I have a long list of things to be done this morning. Since time is short, I thought I’d rerun a blog entry from back in early 2009. It concerns the question of how long it takes to finish a painting, a question that has been asked of me many, many times. I usually tell the story of a commission I did for a Finnish diplomat a number of years back and how the work I did on that piece became the template or rehearsal for a larger piece soon after.
The answer that I gave in 2009 still pretty much applies although I have noticed that in recent years that it is taking me longer to finish paintings. I tend to dwell on them a little longer now and am more apt to set them aside so that I can simply consider them before forging ahead. But there’s even a variable in that– sometimes the energy and direction of a piece is so determined that there is a danger in losing its momentum by setting it aside.
So there is no one answer to the question. Here’s what I wrote six years back:
I am asked this question at every opening and gallery talk: How long does it takes to finish a painting?
This is a question that I’ve answered a thousand times and I still have to stop and think about my answer.
You see, there are so many variables in my painting technique at different times that sometimes the actual process can be much longer or shorter on any given painting. Sometimes I can toil over a piece, every bit of the process requiring time and thought. There may be much time spent just looking at the piece trying to figure out where the next line or stroke goes, trying to weigh each move. Then there are times when the painting drops out effortlessly and I’ll look up after a very short time and realize that it’s almost complete. Any more moves from me and the piece would be diminished.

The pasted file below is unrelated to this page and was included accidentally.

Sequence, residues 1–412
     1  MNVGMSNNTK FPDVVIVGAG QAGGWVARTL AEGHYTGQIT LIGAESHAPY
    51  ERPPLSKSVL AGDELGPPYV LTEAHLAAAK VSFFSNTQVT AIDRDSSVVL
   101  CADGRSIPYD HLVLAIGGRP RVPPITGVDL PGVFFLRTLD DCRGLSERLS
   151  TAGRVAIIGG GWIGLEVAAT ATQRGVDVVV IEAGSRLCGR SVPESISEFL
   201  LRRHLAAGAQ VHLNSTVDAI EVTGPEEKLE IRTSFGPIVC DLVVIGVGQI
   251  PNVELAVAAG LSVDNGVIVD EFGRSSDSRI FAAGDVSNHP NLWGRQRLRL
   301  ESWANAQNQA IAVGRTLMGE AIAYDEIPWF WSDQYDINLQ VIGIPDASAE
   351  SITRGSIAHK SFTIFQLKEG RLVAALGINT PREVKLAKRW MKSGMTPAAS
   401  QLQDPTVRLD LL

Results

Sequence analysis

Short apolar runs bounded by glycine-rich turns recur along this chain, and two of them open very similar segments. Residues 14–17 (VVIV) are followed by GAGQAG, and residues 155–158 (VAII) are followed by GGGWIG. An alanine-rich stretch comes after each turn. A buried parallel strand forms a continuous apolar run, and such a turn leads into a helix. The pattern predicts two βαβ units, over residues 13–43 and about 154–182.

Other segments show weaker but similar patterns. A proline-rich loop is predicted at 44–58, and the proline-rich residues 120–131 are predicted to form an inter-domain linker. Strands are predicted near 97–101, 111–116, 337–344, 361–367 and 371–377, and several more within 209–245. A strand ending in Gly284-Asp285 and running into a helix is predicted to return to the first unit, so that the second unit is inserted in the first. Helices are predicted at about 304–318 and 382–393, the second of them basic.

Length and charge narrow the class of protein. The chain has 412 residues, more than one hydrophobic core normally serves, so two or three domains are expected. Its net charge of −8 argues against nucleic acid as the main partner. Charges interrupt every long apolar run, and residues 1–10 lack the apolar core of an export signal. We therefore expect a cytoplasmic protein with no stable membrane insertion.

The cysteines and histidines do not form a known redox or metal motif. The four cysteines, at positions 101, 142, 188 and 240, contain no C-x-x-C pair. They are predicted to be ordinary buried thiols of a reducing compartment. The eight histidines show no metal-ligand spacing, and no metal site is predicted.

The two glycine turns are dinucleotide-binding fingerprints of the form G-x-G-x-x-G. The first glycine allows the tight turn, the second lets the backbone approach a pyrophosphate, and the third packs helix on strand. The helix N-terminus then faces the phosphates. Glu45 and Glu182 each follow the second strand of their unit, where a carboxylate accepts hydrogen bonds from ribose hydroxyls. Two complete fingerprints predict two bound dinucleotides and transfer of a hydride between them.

I often cite an example from a number of years ago. I had been working on a series of paintings, working with a particular color and compositional form. Over the course of a month, I did several very similar paintings in several different sizes from very small up to a fairly large version. Each had a very distinct and unique appearance and feel but the technique and color was done in very much the same way.
One morning at the end of this monthlong period, I got up early and was in the studio at 5 AM. I had a very large panel prepared and pulled it. Immediately, I started on the panel. Every move, every decision was the result of the previous versions of this painting I had executed over the past month. I was painting solely on muscle memory and not on a conscious decision making thought process. I was painting very fast, with total focus, and I remember it as being a total whirl. The piece always seemed near to disaster. On an edge. But having done this for a month I trusted every move and forced through potential problems.
Suddenly, it was done. I looked over at the clock and realized it had only been two hours. Surely, there must be so much more to do.
But it was done. It was fully realized and full of feeling and great rhythm. I framed the piece and a few weeks later I took it to the Principle Gallery in Alexandria, VA. where I had shown my work for many years. It found a new home within hours of arriving at the gallery.
I realized at that point that every version of that painting was a separate performance, a virtual rehearsal for that particular painting. I had choreographed every move in advance and it was just a matter of finding the right moment when plan and performance converge.
It had taken a mere two hours but it was really painted over the course of hundreds of hours.
I hope you can see why I always have to think about this question…
[ The painting at the top is titled Simple Glory from 2004 ]